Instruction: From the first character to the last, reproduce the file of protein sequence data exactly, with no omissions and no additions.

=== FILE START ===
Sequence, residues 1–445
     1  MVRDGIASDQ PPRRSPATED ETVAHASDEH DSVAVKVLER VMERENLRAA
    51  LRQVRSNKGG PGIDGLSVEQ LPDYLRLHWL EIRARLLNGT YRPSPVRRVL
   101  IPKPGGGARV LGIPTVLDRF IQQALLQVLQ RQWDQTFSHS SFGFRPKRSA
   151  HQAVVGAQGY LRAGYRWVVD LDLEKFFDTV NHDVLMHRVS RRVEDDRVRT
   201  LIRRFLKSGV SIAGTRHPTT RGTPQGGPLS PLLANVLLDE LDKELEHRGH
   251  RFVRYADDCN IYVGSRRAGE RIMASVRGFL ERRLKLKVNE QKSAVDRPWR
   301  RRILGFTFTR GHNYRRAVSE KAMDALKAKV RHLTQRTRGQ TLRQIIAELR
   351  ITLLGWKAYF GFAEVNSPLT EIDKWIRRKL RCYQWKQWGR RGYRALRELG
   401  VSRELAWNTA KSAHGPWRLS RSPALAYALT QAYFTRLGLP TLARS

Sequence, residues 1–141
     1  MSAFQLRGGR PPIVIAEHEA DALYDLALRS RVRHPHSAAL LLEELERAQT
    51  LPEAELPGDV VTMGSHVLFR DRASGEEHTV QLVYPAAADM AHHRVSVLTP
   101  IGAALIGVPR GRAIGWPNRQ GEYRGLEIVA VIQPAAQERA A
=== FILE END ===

Sequence, residues 1–445
     1  MVRDGIASDQ PPRRSPATED ETVAHASDEH DSVAVKVLER VMERENLRAA
    51  LRQVRSNKGG PGIDGLSVEQ LPDYLRLHWL EIRARLLNGT YRPSPVRRVL
   101  IPKPGGGARV LGIPTVLDRF IQQALLQVLQ RQWDQTFSHS SFGFRPKRSA
   151  HQAVVGAQGY LRAGYRWVVD LDLEKFFDTV NHDVLMHRVS RRVEDDRVRT
   201  LIRRFLKSGV SIAGTRHPTT RGTPQGGPLS PLLANVLLDE LDKELEHRGH
   251  RFVRYADDCN IYVGSRRAGE RIMASVRGFL ERRLKLKVNE QKSAVDRPWR
   301  RRILGFTFTR GHNYRRAVSE KAMDALKAKV RHLTQRTRGQ TLRQIIAELR
   351  ITLLGWKAYF GFAEVNSPLT EIDKWIRRKL RCYQWKQWGR RGYRALRELG
   401  VSRELAWNTA KSAHGPWRLS RSPALAYALT QAYFTRLGLP TLARS

Sequence, residues 1–141
     1  MSAFQLRGGR PPIVIAEHEA DALYDLALRS RVRHPHSAAL LLEELERAQT
    51  LPEAELPGDV VTMGSHVLFR DRASGEEHTV QLVYPAAADM AHHRVSVLTP
   101  IGAALIGVPR GRAIGWPNRQ GEYRGLEIVA VIQPAAQERA A